You have just discovered your partners betrayal and you are devastated. You feel like you have been sucker punched in the gut and you can’t catch your breath. Whether you have been married one month, one year, 10 years, or 40 years, it is devastating, because the illusion of what you had … has changed forever. You must be asking yourself, what can I believe, and more importantly what can I do to regain a feeling of safety and stability. APSATS clinicians and coaches have worked with thousands of partners of sex addicts and believe that it is so important to take care of yourself by finding a therapist, coach, or support group who can get you through this incredibly difficult time. And just like this picture, you can feel the calm after the storm, but you need to access the right supports to insure your safety and your sanity.
Maybe you saw his phone come up with some texts that were totally inappropriate. Maybe you had something come up on your computer that absolutely floored you. Maybe somebody called you and told you that your husband was acting out. You are likely going through a lot of emotional reactions as a result of finding out that your partner has cheated on you. You may be experiencing panic attacks, generalized anxiety, or intense anger. Your heart may be racing, you may be trembling, you may not be able to sleep. When this kind of information is discovered, your central nervous system goes into overload, which then sends all sorts of chemicals to the brain. Then you go into self-protection. Am I going to fight, am I going to flee, not fight, or am I going to freeze and not do anything, because I don’t know what to do?
You want to tell the world, you want to tell all his family, you want to let everybody know how he has betrayed you, yet there is a part of you that doesn’t want to talk about it to others, because you don’t want them to hate him too. So, you’re protecting him, and you’re wanting to expose him at the same time. It is normal to feel this way. This is the dilemma of discovery. You experience so many paradoxes of what to do. It can make you feel like you are going crazy when in reality it is your amygdala going into hyper drive. That is why it is so important to slow your down and seek safety. It’s important for you to do self-care and find supportive people, because you can’t do this by yourself.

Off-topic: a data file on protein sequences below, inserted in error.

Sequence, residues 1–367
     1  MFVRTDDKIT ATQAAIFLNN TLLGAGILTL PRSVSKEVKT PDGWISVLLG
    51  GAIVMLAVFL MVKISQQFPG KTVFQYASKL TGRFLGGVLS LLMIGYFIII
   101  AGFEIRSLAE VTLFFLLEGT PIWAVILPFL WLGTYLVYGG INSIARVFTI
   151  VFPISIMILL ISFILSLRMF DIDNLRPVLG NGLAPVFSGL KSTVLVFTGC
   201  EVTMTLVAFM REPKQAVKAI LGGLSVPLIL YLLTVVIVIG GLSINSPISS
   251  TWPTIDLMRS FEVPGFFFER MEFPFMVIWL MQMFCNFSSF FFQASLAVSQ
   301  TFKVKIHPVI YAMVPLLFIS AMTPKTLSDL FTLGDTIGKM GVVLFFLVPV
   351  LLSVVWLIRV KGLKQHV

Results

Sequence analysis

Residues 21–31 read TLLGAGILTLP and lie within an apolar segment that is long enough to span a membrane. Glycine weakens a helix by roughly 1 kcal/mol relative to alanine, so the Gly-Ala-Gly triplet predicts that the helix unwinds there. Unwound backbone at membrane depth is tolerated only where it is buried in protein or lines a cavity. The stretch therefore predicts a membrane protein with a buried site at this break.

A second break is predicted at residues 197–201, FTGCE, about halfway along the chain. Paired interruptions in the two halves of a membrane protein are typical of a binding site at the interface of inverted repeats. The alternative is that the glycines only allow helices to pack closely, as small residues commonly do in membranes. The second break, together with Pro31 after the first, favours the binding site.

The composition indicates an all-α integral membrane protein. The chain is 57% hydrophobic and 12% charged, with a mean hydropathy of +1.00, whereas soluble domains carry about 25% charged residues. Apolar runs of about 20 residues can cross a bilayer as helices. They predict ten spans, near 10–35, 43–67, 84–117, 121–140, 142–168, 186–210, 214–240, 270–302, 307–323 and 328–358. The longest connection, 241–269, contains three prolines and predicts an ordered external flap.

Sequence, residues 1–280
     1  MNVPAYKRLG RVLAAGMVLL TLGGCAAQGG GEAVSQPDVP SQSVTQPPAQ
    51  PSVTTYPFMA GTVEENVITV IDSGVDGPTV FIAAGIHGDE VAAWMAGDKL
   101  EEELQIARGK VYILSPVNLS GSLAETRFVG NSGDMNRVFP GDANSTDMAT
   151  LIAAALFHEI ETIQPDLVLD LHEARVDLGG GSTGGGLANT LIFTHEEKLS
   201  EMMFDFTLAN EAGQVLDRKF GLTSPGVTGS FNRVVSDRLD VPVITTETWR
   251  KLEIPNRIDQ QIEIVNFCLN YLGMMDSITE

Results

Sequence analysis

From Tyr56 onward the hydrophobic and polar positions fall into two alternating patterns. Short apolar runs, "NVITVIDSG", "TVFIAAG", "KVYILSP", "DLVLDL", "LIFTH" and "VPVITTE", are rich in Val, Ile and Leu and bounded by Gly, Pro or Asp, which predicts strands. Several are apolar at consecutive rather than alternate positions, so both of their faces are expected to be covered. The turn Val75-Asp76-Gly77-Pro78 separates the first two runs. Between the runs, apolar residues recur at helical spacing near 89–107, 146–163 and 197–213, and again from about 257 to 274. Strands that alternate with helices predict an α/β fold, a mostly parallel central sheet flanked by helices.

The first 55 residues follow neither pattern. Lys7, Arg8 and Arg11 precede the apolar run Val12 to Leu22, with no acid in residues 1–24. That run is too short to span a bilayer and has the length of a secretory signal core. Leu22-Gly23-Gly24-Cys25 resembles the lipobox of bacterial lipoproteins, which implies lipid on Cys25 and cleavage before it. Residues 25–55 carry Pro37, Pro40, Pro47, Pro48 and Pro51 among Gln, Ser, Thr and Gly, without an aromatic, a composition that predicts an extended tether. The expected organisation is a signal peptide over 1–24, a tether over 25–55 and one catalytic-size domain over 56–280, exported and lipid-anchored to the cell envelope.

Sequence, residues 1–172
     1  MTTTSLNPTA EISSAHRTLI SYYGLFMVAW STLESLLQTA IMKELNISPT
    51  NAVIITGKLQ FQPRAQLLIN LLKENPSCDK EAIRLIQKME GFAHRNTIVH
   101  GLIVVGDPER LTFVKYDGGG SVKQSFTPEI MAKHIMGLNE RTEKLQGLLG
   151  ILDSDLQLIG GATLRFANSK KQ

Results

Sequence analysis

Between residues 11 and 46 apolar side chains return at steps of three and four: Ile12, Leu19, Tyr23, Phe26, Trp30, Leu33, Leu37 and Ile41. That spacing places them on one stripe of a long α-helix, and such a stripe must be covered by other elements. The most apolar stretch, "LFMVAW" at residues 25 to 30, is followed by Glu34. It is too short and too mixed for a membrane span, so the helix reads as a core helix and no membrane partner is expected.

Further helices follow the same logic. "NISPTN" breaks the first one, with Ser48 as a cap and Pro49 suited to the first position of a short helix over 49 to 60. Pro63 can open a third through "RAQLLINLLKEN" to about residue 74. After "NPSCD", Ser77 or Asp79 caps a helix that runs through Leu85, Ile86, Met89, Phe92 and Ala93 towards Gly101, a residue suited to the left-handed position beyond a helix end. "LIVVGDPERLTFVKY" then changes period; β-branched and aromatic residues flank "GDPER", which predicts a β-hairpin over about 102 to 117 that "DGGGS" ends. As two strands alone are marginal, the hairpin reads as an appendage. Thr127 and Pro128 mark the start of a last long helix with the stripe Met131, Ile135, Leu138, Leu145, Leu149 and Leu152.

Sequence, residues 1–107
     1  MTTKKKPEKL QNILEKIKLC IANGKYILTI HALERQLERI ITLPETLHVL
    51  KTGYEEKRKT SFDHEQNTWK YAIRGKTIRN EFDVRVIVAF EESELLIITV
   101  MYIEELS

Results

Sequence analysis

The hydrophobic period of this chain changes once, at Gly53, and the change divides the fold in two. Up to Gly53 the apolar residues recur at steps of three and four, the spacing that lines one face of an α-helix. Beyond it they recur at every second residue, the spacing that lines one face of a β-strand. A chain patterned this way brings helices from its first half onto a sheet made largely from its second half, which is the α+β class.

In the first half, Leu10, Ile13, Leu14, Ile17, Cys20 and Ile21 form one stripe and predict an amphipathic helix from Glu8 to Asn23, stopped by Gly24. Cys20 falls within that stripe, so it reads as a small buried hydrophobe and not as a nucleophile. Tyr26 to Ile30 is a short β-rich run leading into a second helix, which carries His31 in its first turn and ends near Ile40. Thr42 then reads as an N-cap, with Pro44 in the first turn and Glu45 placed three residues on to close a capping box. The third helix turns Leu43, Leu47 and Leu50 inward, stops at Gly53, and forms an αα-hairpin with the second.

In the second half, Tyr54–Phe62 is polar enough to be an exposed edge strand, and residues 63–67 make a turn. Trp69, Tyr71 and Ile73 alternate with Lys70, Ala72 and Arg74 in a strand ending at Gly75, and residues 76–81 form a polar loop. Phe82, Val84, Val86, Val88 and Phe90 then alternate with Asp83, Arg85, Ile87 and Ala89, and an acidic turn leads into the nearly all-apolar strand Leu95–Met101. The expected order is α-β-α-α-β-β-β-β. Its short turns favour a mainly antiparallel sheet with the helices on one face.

There is much you can do to navigate through this ordeal. There are great resources. There are plenty of books. There are many programs out there to help you with the discovery of your partners addiction. But first, you must find the experts in the field.
The first thing you can do is get yourself to a certified partner’s therapist. “APSATS,” which stands for The Association of Partners of Sex Addicts Trauma Specialists, is an organization that has made it their mission to help you through this crisis. They certify people who have been specifically trained to work with you. They know that you did not contribute to your husband’s addiction …. your feelings are the byproduct of his sexual addiction. This shouldn’t be happening to you, you didn’t ask for it, you didn’t cause it, you can’t cure it, and you certainly can’t control it, but you feel as it is controlling you.
You are likely asking yourself,” What do I need to feel safe again and who can I talk to that won’t judge me or my partner, and will stay neutral and just hold my feelings for me
APSATS clinical and certified partner trauma therapists or coaches, help you to develop good boundaries, to develop your voice, to keep yourself safe, and to allow you to know when it’s time to make the next move. Maybe that is a therapeutic separation, maybe your partner moves upstairs and you stay downstairs, maybe you both go to marital counseling or seek your own individual counselor or coach, maybe you go to your pastor and talk with him or her, but we help you to make that next move based on who you are, how you feel and what you need.
What we know is nobody should be telling you what to do. That needs to come from your own sense of self, yet right now you’re so flooded with feelings and emotions that you are on overload. You are “shell shocked” and you need an expert to help you unravel your feelings. APSATS is here to help.
Written by Carol Juergensen Sheets LCSW, CCPS, CSAT, PCC
APSATS Board Member